Ron Reyes (occasionally referred to as as Chavo) was a short lived member of the band. I think he had really great energy, and a very different style than the first three singers. He was the singer of the band when they were featured in the Decline of Western Civilization. To catch some clips, check this out. He infamously quit in the middle of a show at the Fleetwood in Redondo in 1980, leaving the band to play an extended “Louie Louie” for the remainder of the set, while having various members of the audience come up and sing along. The single release he was on, Jealous Again EP, cited him as Chavo Pederast (Spanish for pedophile- I guess they weren’t happy on the terms he left).

Dez Cadena I think brought the hardcore scream to Black Flag. He sounded completely hoarse and screaming at all times. All songs recorded with him seem to be way more raw. After a year, Dez [or Ginn] decided he wanted to move to guitar. Rollins was hired and toured with them for the entire tour, while watching Dez and taking notes, waiting in the wings.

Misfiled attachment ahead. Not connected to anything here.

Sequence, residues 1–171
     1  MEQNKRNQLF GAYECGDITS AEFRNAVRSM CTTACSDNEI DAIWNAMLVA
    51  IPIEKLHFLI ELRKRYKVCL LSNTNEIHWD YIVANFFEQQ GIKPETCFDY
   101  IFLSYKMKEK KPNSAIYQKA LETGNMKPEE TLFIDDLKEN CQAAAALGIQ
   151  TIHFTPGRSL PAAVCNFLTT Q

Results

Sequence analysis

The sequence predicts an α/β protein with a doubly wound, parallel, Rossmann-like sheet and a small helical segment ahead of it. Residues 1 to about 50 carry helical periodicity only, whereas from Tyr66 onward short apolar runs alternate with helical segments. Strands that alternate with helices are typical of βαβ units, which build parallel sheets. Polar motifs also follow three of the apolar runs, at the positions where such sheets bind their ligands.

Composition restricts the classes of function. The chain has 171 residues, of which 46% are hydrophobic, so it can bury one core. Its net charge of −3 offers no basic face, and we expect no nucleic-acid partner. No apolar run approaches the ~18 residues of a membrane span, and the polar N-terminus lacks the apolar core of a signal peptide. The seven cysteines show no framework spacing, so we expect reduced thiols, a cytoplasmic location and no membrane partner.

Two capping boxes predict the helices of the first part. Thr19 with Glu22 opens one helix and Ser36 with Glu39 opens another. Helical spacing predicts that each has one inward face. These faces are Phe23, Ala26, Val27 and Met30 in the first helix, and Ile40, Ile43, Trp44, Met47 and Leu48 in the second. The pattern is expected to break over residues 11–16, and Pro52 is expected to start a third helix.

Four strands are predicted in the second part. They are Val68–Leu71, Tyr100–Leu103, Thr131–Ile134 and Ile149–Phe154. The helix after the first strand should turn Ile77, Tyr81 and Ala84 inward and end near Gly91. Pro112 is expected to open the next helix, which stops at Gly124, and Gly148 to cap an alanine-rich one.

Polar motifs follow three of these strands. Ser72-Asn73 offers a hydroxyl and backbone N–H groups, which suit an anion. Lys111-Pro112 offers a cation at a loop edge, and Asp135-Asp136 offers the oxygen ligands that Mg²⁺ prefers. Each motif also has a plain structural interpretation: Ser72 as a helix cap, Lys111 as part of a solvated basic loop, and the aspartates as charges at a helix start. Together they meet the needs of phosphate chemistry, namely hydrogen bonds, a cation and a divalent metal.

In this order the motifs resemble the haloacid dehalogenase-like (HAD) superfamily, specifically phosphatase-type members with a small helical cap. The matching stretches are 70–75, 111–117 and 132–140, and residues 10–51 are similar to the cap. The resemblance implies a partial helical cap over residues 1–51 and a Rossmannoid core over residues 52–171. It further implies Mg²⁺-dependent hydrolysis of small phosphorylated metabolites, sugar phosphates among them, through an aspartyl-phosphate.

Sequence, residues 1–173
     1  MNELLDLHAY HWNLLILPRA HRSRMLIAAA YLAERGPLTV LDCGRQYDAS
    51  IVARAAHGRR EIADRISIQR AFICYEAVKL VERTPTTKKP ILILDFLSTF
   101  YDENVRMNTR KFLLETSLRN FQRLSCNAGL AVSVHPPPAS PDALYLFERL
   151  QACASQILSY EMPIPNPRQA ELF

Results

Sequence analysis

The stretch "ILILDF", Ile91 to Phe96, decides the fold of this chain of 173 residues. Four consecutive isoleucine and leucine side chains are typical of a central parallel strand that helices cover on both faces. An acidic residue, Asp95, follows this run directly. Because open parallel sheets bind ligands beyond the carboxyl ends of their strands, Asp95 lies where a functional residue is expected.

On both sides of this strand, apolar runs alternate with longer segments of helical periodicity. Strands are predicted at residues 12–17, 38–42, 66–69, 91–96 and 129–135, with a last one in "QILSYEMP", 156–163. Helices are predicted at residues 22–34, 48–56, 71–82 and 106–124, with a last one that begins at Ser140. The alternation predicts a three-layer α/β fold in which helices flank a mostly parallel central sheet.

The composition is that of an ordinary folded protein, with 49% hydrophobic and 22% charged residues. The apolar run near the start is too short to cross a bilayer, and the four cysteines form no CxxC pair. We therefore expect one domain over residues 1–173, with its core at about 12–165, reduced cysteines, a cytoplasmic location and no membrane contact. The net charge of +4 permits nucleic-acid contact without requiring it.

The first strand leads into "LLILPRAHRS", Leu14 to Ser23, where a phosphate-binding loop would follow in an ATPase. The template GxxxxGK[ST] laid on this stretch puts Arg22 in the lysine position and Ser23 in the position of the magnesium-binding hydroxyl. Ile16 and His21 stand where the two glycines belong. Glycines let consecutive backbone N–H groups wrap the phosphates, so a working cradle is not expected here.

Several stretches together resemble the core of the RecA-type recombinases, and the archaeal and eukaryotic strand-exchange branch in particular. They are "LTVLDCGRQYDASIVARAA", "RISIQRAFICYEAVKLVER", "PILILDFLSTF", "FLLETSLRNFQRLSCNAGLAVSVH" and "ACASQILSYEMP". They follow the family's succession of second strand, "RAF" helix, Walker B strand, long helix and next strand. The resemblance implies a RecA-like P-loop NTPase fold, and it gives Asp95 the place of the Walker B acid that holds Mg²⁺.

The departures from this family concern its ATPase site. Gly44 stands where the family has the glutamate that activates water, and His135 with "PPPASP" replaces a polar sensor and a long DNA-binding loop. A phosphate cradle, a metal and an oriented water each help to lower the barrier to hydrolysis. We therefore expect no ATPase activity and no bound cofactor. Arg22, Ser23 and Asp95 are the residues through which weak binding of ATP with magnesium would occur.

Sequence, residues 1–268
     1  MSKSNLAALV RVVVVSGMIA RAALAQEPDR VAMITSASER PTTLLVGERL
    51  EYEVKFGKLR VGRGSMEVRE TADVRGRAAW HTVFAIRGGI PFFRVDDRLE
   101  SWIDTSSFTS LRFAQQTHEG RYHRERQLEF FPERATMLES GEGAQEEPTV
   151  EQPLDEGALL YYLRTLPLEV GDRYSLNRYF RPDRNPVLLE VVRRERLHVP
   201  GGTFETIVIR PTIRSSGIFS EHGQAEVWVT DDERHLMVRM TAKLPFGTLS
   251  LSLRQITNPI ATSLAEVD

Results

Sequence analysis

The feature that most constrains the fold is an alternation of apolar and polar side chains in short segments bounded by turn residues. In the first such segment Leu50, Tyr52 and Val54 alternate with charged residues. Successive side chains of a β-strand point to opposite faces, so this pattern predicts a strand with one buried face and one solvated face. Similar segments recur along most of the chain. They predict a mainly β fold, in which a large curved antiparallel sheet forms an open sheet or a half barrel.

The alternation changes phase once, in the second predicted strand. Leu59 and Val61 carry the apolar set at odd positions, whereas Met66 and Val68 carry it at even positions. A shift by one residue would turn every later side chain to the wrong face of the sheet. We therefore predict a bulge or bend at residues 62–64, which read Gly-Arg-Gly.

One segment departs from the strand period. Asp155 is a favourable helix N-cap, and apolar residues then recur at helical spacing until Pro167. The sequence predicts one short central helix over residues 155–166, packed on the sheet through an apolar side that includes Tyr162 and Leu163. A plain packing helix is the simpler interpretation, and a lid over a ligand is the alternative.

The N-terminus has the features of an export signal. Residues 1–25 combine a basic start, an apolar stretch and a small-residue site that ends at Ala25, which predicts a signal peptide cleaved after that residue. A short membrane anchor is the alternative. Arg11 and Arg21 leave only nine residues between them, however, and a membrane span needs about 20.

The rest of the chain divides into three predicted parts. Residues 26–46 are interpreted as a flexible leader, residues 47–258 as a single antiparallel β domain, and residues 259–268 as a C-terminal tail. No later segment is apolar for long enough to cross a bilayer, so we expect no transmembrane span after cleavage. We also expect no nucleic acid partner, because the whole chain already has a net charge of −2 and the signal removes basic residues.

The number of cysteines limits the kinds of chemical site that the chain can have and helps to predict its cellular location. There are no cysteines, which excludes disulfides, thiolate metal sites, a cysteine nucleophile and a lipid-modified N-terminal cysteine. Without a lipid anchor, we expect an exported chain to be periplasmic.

But between this album Everything Went Black, and Damaged, you can get a good sense of what a difference each singer made on the band. Now you can decide for yourself who was your favorite singer of the early iteration of Black Flag. Post Damaged is a whole ‘nother ballgame. Rollins continued with the band until the end in 1986. Dabbling in spoken word on some albums, and musically getting further from punk, they hardly resembled their former selves. By the end, the band all had long hair, and had moved way off of original hardcore punk (while keeping the attitude). Their final LP, In My Head, is a hybrid of punk, metal and blues. Apparently Ginn had become infatuated with blues scales, practicing them at all times. Well you can really hear it [or see it]!

Below is a pretty great chart diagram of the band members.


Written by RocksRocksRocks

May 19, 2008 at 11:35 pm